When COVID-19 first emerged, interest in mergers and acquisitions (M&A) staggered to a halt. Businesses were more focused on short-term survival, and investors wanted the dust to settle before making any moves. Today, many businesses are starting to resume operations, and markets have started to improve. Accordingly, we’ve seen M&A transactions pick back up.
Many business owners want to sell in 2020 because of the uncertainty of the November election and the possibility of higher taxes and more regulations in future years.
Businesses that are struggling may want to consider selling in the coming months. And truthfully, pursuing an M&A during a pandemic does not have to be a desperate, last-ditch effort. A few factors make the current setting an appealing time to sell part or all of a business.
Deal Structures are More Fluid
M&A deals are being structured differently in the post-COVID-19 landscape – in a good way.
When the investor wants to take COVID-19 risks into account, and the business owner wants to get a fair price for their equity interest, there is likely to be a gap in valuation expectations. But there are some creative ways to bridge this gap. Earn outs, for instance, are becoming a standard component in today’s deal structures. Instead of a large upfront payment, the buyer can request future payments when they meet certain milestones. Another common technique is scheduling the buyout over a handful of years – selling 20% now, and then the remainder in five to seven years. These techniques can provide the flexibility that leaders are looking for while eventually delivering the investor’s value.
Sellers’ Priorities Have Shifted
The priorities that business leaders held before the pandemic may not be the same priorities they hold now. Instead of valuing control and independence, leaders may value business continuity and stability. M&A can provide the continuity and stability that leaders are seeking.
Purchasers See More Opportunity
Buyers with long-term outlooks likely see the pandemic as a dip and a predictable wave of ups and downs in the market. Businesses will eventually resume normal operations; customers will return to the marketplace shortly, and the financial markets will ultimately recover. The ideal time for investors to make a purchase is when the market is low, and business recovery prospects are high.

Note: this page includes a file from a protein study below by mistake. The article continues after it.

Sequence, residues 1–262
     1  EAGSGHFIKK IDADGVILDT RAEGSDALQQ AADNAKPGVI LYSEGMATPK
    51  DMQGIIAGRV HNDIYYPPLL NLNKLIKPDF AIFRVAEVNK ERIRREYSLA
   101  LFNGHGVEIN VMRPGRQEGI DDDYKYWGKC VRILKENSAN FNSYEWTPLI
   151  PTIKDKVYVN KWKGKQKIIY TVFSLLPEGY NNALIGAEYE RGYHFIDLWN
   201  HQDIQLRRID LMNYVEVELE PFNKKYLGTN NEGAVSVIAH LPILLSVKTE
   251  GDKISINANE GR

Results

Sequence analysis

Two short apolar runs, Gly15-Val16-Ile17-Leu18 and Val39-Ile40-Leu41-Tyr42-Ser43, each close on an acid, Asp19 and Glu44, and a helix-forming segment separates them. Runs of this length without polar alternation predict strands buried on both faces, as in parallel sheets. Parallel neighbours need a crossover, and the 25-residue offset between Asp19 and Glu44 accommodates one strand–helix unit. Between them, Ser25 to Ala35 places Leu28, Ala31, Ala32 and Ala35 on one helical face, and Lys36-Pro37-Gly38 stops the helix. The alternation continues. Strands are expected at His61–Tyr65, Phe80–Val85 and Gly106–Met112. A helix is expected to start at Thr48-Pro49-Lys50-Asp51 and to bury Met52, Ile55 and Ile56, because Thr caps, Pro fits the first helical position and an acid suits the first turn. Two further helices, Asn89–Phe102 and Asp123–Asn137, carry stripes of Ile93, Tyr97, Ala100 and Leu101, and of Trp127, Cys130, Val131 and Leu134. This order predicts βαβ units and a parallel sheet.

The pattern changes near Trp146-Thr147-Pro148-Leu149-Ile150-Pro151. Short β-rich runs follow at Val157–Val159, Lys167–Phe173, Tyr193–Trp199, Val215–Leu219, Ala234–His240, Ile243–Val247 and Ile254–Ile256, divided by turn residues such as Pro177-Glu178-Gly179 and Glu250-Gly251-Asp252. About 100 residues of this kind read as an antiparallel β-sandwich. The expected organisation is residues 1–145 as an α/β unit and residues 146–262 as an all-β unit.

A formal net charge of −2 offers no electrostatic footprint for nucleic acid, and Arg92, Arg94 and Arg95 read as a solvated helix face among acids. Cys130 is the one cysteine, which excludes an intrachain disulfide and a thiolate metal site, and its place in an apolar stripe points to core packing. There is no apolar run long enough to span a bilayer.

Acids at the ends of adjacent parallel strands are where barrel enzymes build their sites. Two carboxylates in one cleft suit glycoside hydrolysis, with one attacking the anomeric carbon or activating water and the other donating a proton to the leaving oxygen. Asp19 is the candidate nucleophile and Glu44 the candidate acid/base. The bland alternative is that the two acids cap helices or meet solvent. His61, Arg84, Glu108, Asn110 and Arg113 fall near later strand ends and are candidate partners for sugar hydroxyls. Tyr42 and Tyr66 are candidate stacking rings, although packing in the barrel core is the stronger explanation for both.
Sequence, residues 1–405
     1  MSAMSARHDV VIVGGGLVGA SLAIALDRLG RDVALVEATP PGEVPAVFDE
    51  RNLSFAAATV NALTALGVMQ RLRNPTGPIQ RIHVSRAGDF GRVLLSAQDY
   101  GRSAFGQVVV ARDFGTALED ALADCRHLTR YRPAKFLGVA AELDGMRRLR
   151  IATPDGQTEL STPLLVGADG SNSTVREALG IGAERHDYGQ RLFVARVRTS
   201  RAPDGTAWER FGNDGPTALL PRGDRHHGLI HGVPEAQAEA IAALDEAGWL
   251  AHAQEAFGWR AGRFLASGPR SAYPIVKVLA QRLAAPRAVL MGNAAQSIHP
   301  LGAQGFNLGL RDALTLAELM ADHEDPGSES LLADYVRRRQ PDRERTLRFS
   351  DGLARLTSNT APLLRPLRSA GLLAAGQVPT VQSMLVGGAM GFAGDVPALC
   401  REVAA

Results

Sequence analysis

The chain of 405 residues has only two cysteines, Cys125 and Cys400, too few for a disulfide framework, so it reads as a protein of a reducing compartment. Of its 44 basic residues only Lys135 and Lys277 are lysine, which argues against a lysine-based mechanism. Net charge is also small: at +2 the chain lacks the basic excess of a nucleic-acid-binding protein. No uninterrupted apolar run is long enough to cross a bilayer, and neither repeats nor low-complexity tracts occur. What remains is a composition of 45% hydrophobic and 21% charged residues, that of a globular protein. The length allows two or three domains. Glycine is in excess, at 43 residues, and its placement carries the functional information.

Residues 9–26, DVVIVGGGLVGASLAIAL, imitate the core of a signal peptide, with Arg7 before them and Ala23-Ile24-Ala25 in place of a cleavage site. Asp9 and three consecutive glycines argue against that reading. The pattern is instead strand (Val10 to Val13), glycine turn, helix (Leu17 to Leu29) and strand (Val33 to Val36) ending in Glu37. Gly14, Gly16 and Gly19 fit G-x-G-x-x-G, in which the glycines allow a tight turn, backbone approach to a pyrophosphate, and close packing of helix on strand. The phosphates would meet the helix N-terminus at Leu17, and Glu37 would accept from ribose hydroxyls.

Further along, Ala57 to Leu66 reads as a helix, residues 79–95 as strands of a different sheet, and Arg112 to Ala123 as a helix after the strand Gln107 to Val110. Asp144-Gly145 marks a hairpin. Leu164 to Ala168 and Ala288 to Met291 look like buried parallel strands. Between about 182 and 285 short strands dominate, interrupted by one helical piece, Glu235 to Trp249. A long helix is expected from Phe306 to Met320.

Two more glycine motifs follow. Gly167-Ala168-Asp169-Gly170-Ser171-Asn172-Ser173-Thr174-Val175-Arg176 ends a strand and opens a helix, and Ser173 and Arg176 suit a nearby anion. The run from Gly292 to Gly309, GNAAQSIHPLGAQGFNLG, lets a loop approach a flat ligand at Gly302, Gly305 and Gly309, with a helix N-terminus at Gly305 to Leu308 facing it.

When purchasers see the acquisition as a long-term investment, they will likely place less weight on current year cash flows. If the business can demonstrate an improvement in operating results and growth potential, the buyer is likely to value the business for its scalability or resilience more than its short-term revenues.
These factors may be able to give sellers the upper hand. If business owners know that their operations will recover, they can still ask for a high valuation, and the deal can be structured to please both parties. But the true benefit of appealing to investors is having the freedom of choice. When more individuals and private equity firms are looking for investment opportunities, business leaders can have their pick of who to bring onboard and how much equity to relinquish to get them the outcome they desire.
Equity May be Easier to Obtain than Debt
Taking on debt may not be an option for businesses right now. Banks are more hesitant to extend credit, and when they do, they will likely seek businesses with low debt-to-equity ratios. Unfortunately, businesses may already be highly leveraged after taking Paycheck Protection Program Loans or Economic Injury Disaster Loans. Selling business interests – even just a partial interest – can bring in the capital needed to keep the business afloat. And if those business interests are non-controlling, the business owners can retain control of their company while accepting that capital infusion.
The current circumstances may still be challenging for many. Yet, even in less-than-ideal cases, businesses can emerge from an M&A transaction content with the hand they were dealt with and a positive outlook for their future.
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